In a recent ruling, the United States District Court for the District of New Mexico decided to defer to the plaintiffs’ choice of forum. Two plaintiffs, a husband and a wife, sued a trucking company that the wife had worked for as a commercial truck driver. The couple also sued in the same complaint a trainer who had worked for the trucking company. The company filed a motion, opposed by the plaintiffs, to transfer the lawsuit to the Western District of Kentucky, where the company allegedly maintained its principal place of business. The trainer did not take a position on the relief requested in the motion to change venue as of the time that the U.S. District Court acted on the motion.
Among the orders that a federal trial court presiding over a lawsuit can make is an order transferring venue. Venue can be transferred to any other district court in which the action could have been brought, pursuant to section 1404(a) of Title 28 of the United States Code. A party seeking the relief of venue transfer must show that the existing forum is an inconvenient forum. While a plaintiff’s choice of forum is afforded some deference, there are multiple factors that courts consider when deciding a motion to transfer venue.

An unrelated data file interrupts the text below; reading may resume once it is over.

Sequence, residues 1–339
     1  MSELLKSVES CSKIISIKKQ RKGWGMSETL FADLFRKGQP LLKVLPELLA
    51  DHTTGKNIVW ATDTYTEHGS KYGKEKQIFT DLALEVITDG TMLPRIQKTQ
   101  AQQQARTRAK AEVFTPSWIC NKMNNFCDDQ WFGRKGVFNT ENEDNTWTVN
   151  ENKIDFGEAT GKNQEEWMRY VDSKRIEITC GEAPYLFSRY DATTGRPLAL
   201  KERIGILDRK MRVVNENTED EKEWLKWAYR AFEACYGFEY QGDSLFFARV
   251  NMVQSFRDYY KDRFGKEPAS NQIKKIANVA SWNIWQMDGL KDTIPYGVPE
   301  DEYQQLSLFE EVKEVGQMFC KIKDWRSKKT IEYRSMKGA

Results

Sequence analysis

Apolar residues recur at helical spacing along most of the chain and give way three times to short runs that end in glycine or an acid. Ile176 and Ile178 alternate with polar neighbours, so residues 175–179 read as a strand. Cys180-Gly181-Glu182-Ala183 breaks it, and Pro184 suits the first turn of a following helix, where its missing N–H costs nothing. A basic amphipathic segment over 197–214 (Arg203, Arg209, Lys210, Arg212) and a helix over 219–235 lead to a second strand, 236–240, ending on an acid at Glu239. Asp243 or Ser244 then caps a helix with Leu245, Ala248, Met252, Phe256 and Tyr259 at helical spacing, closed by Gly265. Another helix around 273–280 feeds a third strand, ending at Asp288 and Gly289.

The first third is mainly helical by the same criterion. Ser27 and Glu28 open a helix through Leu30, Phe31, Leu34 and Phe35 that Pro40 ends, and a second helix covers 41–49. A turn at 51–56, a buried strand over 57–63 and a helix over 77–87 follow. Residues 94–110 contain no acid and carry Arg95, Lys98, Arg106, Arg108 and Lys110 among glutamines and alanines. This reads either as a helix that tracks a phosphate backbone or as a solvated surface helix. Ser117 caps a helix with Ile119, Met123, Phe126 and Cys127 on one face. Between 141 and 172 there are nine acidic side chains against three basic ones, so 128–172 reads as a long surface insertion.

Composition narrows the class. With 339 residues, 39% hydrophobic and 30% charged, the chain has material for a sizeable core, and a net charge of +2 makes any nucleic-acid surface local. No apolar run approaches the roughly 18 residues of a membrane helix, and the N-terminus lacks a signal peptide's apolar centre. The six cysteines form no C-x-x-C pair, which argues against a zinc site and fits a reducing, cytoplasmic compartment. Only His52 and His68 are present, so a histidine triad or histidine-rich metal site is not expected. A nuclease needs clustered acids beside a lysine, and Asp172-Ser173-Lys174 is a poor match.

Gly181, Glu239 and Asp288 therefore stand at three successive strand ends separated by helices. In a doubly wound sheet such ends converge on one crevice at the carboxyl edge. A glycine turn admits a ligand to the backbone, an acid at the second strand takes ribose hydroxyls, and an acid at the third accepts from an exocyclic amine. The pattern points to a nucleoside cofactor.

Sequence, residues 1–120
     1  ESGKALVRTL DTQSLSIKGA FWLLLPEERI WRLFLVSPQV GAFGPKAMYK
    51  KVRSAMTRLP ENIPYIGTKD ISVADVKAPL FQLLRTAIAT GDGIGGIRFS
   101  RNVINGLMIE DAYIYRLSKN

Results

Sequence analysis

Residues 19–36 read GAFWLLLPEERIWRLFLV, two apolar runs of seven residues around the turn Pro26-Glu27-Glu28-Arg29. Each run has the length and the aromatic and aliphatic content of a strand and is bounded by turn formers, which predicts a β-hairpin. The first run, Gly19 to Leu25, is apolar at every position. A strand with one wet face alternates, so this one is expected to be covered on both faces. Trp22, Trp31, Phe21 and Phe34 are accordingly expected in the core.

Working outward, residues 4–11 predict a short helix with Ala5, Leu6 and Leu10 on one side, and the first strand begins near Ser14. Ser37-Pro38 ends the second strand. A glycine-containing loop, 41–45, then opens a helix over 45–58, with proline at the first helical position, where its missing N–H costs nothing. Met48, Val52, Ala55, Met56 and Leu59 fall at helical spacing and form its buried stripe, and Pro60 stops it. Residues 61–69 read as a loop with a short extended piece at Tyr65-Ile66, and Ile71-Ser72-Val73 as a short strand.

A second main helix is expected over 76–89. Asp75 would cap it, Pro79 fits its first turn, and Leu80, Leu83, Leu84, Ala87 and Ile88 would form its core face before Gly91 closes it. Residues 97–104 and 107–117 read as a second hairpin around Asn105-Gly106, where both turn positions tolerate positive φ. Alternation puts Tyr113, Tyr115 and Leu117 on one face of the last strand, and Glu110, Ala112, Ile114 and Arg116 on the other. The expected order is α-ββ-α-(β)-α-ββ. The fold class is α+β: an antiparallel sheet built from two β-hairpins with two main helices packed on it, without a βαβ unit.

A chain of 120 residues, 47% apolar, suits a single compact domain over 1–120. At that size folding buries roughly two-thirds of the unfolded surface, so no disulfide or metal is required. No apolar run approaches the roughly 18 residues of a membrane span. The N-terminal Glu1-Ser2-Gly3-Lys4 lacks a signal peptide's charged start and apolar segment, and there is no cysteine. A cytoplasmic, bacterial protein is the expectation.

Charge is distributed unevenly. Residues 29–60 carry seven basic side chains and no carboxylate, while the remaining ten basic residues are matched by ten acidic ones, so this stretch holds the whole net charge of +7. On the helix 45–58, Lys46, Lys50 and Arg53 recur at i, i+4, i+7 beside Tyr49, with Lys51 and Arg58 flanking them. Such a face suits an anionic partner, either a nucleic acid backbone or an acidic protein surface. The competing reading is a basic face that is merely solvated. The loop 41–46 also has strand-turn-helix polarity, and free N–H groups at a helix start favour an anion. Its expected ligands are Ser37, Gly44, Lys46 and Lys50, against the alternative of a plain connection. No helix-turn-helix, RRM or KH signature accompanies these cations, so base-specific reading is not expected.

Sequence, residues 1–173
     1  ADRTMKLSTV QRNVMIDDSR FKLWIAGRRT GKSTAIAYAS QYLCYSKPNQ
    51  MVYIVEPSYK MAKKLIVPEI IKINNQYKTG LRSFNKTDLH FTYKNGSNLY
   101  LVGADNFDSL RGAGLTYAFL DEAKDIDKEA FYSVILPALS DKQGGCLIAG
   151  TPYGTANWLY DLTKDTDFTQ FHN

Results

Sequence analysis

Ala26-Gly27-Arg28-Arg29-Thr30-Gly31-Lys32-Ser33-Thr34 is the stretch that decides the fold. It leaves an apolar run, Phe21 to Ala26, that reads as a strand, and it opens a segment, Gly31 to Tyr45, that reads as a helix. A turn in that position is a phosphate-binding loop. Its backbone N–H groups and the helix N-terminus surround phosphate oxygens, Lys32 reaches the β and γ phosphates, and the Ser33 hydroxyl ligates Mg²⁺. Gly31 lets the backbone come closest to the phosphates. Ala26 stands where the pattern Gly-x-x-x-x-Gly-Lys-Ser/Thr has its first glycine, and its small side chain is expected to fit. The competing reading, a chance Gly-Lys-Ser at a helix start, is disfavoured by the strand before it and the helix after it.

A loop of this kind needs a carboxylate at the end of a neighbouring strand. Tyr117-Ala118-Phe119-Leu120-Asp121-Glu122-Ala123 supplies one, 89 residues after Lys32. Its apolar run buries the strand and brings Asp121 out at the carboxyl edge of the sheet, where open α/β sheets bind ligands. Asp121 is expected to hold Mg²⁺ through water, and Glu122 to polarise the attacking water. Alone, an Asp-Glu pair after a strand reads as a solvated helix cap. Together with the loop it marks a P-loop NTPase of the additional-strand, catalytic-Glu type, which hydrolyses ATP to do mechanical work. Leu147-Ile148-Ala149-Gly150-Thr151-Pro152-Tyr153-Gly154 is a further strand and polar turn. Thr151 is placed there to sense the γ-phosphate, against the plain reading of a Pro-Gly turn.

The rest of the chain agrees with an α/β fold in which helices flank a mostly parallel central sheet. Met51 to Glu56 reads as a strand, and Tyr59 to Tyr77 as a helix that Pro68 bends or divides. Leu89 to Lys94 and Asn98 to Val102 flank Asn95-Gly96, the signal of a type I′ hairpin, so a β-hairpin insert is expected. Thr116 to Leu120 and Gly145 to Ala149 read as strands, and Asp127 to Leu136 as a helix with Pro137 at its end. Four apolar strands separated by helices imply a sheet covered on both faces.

Among the factors that the court identified as informing the analysis in this case were witness accessibility, the cost of proving the case, the ability to enforce a judgment if one is obtained in the case, the difficulties arising from the congestion of courts’ dockets, the advantages of having local courts decide questions of local law, and practical considerations that would facilitate expeditious and economical trial of the case.